The assay has good precision, sensitivity and specificity and is cost-effective as a routine diagnostic test.
PubMed ID
15911433 View in PubMed
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Of gastro and the gold standard: evaluation and policy implications of norovirus test performance for outbreak detection.

https://arctichealth.org/en/permalink/ahliterature151835
Source
J Transl Med. 2009;7:23
Publication Type
Article
Date
2009
Author
David N Fisman
Amy L Greer
George Brouhanski
Steven J Drews
Author Affiliation
Division of Epidemiology and Surveillance, Ontario Agency for Health Protection and Promotion, Toronto, Canada. david.fisman@gmail.com
Source
J Transl Med. 2009;7:23
Date
2009
Language
English
Publication Type
Article
Keywords
Caliciviridae Infections - diagnosis - epidemiology - virology
Canada
Confidence Intervals
Disease Outbreaks
False Positive Reactions
Gastroenteritis - diagnosis - epidemiology - virology
Health Policy
Humans
Immunoenzyme Techniques - methods
Microscopy, Electron - methods
Norovirus - isolation & purification
Reverse Transcriptase Polymerase Chain Reaction - methods
Sensitivity and specificity
Abstract
The norovirus group (NVG) of caliciviruses are the etiological agents of most institutional outbreaks of gastroenteritis in North America and Europe. Identification of NVG is complicated by the non-culturable nature of this virus, and the absence of a diagnostic gold standard makes traditional evaluation of test characteristics problematic.
We evaluated 189 specimens derived from 440 acute gastroenteritis outbreaks investigated in Ontario in 2006-07. Parallel testing for NVG was performed with real-time reverse-transcriptase polymerase chain reaction (RT2-PCR), enzyme immunoassay (EIA) and electron microscopy (EM). Test characteristics (sensitivity and specificity) were estimated using latent class models and composite reference standard methods. The practical implications of test characteristics were evaluated using binomial probability models.
Latent class modelling estimated sensitivities of RT2-PCR, EIA, and EM as 100%, 86%, and 17% respectively; specificities were 84%, 92%, and 100%; estimates obtained using a composite reference standard were similar. If all specimens contained norovirus, RT2-PCR or EIA would be associated with > 99.9% likelihood of at least one test being positive after three specimens tested. Testing of more than 5 true negative specimens with RT2-PCR would be associated with a greater than 50% likelihood of a false positive test.
Our findings support the characterization of EM as lacking sensitivity for NVG outbreaks. The high sensitivity of RT2-PCR and EIA permit identification of NVG outbreaks with testing of limited numbers of clinical specimens. Given risks of false positive test results, it is reasonable to limit the number of specimens tested when RT2-PCR or EIA are available.
Notes
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PubMed ID
19323808 View in PubMed
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[Waterborne outbreaks in Iceland - analysis of scale and causes].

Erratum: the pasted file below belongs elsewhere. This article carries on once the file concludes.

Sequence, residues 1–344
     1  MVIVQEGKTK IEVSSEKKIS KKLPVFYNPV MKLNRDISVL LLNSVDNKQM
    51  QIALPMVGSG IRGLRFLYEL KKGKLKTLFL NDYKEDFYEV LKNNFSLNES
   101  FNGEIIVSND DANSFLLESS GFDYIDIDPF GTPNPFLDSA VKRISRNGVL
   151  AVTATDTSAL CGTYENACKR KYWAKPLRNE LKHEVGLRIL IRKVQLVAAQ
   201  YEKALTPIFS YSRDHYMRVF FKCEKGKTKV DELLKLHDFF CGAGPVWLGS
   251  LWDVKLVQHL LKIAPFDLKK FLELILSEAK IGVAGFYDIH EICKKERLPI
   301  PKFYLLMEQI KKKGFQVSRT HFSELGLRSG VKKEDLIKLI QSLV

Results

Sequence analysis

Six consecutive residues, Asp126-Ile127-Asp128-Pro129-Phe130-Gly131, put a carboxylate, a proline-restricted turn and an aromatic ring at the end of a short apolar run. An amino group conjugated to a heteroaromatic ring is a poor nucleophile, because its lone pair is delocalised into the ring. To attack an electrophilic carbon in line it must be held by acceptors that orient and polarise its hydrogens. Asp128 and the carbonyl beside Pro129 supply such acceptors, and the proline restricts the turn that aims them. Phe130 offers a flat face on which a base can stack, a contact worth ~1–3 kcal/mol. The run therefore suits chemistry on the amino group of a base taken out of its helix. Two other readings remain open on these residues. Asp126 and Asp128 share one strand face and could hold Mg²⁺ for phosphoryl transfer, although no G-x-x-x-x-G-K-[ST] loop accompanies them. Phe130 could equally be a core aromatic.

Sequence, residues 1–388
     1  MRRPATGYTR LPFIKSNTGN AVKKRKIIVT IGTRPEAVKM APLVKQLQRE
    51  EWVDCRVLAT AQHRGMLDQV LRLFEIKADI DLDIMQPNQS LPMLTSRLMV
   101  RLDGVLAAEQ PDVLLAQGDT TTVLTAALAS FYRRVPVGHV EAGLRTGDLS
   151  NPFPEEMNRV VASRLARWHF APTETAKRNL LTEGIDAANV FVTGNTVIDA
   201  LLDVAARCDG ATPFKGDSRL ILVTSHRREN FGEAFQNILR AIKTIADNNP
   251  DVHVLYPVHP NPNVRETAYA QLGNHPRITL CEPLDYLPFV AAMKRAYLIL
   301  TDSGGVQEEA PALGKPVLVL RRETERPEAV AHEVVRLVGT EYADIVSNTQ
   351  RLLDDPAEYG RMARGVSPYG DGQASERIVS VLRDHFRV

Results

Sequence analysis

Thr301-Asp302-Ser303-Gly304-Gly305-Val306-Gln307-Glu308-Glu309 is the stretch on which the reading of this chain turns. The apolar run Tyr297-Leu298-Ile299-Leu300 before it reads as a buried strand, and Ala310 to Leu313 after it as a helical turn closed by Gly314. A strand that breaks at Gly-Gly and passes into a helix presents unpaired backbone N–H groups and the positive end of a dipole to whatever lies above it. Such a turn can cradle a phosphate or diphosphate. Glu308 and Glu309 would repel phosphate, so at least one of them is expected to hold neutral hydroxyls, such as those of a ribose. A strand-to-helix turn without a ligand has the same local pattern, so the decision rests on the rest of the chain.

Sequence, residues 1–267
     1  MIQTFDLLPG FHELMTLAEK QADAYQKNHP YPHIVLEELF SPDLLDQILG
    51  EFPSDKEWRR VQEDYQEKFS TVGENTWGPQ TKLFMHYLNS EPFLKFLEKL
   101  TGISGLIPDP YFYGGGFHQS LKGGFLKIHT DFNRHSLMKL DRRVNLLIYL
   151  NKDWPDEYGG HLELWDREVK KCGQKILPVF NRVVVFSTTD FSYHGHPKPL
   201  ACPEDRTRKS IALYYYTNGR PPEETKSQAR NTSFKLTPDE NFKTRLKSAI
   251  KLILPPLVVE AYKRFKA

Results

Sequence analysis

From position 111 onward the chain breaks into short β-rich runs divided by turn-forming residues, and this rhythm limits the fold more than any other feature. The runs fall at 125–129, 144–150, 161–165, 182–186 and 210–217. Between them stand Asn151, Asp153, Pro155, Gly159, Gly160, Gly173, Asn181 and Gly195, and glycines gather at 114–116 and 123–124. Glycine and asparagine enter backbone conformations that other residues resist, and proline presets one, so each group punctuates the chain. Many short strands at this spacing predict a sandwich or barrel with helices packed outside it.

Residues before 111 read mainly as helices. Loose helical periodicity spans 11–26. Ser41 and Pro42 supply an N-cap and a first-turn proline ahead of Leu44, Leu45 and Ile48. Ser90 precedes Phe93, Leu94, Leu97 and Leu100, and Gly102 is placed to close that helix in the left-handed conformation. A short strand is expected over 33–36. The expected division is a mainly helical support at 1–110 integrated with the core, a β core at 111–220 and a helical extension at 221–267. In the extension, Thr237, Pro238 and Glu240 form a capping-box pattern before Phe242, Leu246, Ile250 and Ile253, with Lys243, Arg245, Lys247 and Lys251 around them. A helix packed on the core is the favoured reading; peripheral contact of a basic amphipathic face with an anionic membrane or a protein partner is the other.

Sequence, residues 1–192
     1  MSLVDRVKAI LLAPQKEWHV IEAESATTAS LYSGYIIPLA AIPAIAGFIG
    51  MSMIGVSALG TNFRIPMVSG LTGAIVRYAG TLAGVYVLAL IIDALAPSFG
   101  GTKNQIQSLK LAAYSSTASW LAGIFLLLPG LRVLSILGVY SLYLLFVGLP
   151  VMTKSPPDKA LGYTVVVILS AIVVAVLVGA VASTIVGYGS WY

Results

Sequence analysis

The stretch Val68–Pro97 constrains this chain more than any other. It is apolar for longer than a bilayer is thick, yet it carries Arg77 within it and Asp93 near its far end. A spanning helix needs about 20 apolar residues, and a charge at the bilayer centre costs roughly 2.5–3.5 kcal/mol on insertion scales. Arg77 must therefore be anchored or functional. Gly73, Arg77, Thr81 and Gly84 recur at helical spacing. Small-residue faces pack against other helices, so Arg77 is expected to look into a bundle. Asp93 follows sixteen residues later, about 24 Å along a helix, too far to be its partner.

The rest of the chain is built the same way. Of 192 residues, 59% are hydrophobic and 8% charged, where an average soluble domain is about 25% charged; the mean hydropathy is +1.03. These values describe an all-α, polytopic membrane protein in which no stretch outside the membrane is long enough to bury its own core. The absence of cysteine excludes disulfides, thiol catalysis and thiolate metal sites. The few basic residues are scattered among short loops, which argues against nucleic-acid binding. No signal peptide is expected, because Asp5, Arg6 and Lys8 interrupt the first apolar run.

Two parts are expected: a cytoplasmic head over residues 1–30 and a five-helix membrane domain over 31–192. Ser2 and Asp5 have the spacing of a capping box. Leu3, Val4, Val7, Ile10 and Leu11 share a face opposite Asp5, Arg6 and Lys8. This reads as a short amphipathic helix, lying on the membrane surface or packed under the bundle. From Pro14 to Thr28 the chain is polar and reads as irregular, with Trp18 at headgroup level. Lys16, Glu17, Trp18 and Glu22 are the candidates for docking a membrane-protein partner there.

https://arctichealth.org/en/permalink/ahliterature311423
Source
Laeknabladid. 2020 06; 106(6):293-301
Publication Type
Journal Article
Date
06-2020
Author
Maria J Gunnarsdottir
Asa St Atladottir
Sigurður M Gardarsson
Source
Laeknabladid. 2020 06; 106(6):293-301
Date
06-2020
Language
Icelandic
Publication Type
Journal Article
Keywords
Caliciviridae Infections - diagnosis - epidemiology - virology
Campylobacter - isolation & purification
Campylobacter Infections - diagnosis - epidemiology - microbiology
Cryptosporidiosis - epidemiology - parasitology
Cryptosporidium - isolation & purification
Environmental monitoring
Feces - microbiology - parasitology - virology
Humans
Iceland - epidemiology
Norovirus - isolation & purification
Time Factors
Water Microbiology
Water Pollution
Water supply
Waterborne Diseases - epidemiology - microbiology - parasitology - virology
Abstract
Clean drinking water is essential for public health. The cause of waterborne outbreaks is most often faecal contamination of water from animals or humans. The objective of this resarch was to collect available information on waterborne outbreaks in Iceland for the twenty year period, 1998-2017. Incident of faecal and pathogenic pollution in samples where also collected even though rarely followed by registered outbreak.
Data are obtained from laboratory databases, the Directorate of Health, reports and interviews with the relevant surveillance authorities and epidemiologists.
The results show that for the period investigated fifteen waterborne outbreaks were registered, all in small water supplies, many of which served transitent population, tourists and summerhouse dwellers. About 500 illnesses were confirmed and 8000 people affected. Other research have shown that around 10% of illnesses in waterborne outbreaks are registered so it can be estimated that on average 250 people have been taken ill every year because of contaminated drinking water. Analysis of monitoring water quality data show that on average 50 water supplies, or about 5% of the Icelandic registered water supplies have contained faecal matter every year. The most frequent cause of waterborne outbreak were poor design and inadequate maintainance of water intakes.
It is likely that waterborne outbreaks are more numerous than are registered in official reports, especially concerning small water supplies. It also seems that the local heath authorities are often not informed of incidents of non-compliance. It is important to improve registration, information exchange between parties, epidemiological surveys and follow up of outbreaks due to drinking water to gather lessons learned. Water quality at small water supplies needs to be improved with risk-based approach and risk management.
PubMed ID
32491991 View in PubMed